Stourbridge College students concerned over travel

The increased travel time and cost will deter Stourbridge students from attending Dudley or Halesowen colleges, suggests UCU survey

Stourbridge College, Stourbridge College closure, Dudley College, Halesowen, BMet,

The majority of students at Stourbridge College say they won't attend Dudley College of Technology or Halesowen College in September, a survey by the University and College Union (UCU) has found. 

According to the survey of around 100 students, more than three-fifths are deterred from studying at Dudley or Halesowen by extra travel time and cost.

However Birmingham Metropolitan College, which is closing Stourbridge College and transfering all provision to Dudley and Halesowen, said that over 70 per cent of progressing learners had already re-enrolled for September.


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In June, Birmingham Metropolitan College (BMet) announced that it planned to close Stourbridge College and transfer all provision to Dudley and Halesowen.

The UCU research found that for 74 per cent of students, travel links were part of the reason they chose to study at Stourbridge. 

The town has two train stations and travel links from around the Midlands and the Black Country – Dudley and Halesowen, however, can only be reached by bus or car. 

According to the UCU survey, 13 per cent of students said that travelling to Halesowen or Dudley would cost more, while 44 per cent said it would take them longer. One in 10 said that it would require them to take two buses, and 6 per cent said that they simply wouldn’t be able to travel that far. 

Some 80 per cent of students said it would prolong their day, and 17 per cent said that it would impact their care responsibilities or childcare arrangements, according to the survey. 

'An abomination'

BMet’s decision has been met with outrage from college staff, students and the local community. On Saturday, hundreds took to the streets of Stourbridge in protest.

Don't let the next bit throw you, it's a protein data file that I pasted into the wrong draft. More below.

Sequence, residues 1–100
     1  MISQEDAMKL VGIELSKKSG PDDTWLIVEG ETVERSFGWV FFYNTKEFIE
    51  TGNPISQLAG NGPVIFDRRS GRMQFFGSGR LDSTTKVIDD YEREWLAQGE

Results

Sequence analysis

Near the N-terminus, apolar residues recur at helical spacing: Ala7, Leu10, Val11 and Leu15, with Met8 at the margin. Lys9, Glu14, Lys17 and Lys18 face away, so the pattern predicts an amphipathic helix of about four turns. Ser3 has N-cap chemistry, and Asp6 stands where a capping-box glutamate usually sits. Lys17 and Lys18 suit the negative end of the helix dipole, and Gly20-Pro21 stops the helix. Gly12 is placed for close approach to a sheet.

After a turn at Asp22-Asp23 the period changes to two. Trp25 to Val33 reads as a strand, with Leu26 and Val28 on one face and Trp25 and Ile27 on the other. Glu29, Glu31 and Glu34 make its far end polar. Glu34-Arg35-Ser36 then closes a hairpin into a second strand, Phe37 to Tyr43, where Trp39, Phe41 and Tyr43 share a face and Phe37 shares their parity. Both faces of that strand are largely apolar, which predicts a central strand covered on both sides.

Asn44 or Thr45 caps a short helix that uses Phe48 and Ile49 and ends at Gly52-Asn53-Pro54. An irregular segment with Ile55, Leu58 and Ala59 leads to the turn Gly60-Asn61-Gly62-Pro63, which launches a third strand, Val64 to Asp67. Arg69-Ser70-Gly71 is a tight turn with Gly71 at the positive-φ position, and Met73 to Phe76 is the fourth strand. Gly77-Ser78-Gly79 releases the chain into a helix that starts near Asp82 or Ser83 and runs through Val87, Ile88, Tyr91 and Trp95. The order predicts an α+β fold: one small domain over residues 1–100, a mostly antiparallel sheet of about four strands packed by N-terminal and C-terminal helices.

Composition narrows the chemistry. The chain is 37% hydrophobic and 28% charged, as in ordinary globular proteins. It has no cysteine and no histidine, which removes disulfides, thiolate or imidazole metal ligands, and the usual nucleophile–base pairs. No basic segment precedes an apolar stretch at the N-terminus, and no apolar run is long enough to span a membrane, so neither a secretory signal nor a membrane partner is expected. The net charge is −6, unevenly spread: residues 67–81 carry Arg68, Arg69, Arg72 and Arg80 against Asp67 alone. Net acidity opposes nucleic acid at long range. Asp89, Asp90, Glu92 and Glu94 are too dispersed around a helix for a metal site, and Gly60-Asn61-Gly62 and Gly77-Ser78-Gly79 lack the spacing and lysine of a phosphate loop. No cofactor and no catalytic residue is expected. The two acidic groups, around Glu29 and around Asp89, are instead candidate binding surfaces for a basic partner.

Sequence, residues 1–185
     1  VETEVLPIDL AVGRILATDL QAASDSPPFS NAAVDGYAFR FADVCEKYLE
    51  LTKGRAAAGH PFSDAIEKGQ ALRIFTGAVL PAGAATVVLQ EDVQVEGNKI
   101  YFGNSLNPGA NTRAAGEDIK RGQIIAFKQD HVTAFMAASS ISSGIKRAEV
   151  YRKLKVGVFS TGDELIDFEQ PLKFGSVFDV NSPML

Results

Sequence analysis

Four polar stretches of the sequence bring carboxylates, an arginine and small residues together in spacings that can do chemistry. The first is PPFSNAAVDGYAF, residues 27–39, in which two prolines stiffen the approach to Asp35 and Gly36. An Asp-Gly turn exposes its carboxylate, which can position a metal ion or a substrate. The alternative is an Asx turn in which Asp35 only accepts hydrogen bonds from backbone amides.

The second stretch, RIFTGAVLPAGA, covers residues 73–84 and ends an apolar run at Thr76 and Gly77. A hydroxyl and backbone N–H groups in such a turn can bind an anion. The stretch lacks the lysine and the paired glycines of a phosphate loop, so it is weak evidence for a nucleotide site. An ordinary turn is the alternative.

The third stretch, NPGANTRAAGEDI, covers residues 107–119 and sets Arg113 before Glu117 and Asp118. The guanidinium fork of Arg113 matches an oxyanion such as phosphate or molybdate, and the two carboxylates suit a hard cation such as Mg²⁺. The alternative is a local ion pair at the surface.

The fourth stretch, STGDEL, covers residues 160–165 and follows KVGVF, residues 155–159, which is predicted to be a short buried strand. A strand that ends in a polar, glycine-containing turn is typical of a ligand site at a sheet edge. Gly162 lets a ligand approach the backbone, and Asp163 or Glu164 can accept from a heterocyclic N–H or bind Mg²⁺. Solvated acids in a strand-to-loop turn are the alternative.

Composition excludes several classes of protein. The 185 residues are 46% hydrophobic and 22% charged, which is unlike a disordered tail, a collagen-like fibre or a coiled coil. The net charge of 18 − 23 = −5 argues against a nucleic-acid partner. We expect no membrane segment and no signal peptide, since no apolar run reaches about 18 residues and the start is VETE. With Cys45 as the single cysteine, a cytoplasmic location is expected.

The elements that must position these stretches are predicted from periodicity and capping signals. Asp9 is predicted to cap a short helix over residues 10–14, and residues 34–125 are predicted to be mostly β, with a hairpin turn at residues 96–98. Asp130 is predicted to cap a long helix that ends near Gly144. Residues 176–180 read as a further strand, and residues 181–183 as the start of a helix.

UCU regional support official Teresa Corr told Tes: “They’re trying to deliver something that really is an abomination for the people of Stourbridge. A whole town after a period of 180 years is going to lose its college through no fault of its own. 

“The justification is that college [BMet] who’s thinking of closing the campus and selling it off is in fairly dire straits financially because of a combination of mismanagement for any number of years, growing beyond their needs, paying huge salaries to principals, on top of that is what is happening in the FE world, which is shortfall of funding. 

“There’s an agenda where they’re punishing colleges who haven’t managed themselves properly and one of the reasons for that is that they haven’t had the money come in,” she said.  

BMet has been subject to a financial notice of concern since July 2015, and Stourbridge College itself was subject to an eight-week review by the FE commissioner's team. 

Cliff Hall, principal at BMet, said that a detailed impact assessment for learners was carried out.

“This assessment showed that the majority of students will not have further to travel to study as the vast majority of our students live within a 10-mile radius of the college, but where there is an increase this is on average less than 3 miles. All students have been guaranteed the full cost of their public transport will be covered for them.   

“We acknowledge that, in a small number of cases, students in the most rural communities, the majority of whom were based at Kidderminster Academy, will have to travel further. These learners are not generally well supported by public transport so there is further work being undertaken to see how the needs of these learners can be met," he said. 

Skills Training UK

Last week, it was reported learning provider Skills Training UK had expressed an interested in opening a new base to replace the college.

The provider already has sites in Wolverhampton, Dudley and Walsall and said it planned to launch a new centre in the heart of Stourbridge if there is sufficient interest.  

It added that it wanted to assess the level of demand before committing to opening a centre in Stourbridge, which would offer post-16 vocational courses for people aged 16 to 18.

Martin Dunford, Skills Training UK's chief executive said: “Skills Training UK has been successful in the West Midlands, with established training centres in Dudley and Walsall and two academies for business, industry and technology in Birmingham and Wolverhampton. Because of increasing demand, we are looking into growing further capacity in the whole West Midlands region and Stourbridge is one possibility.”

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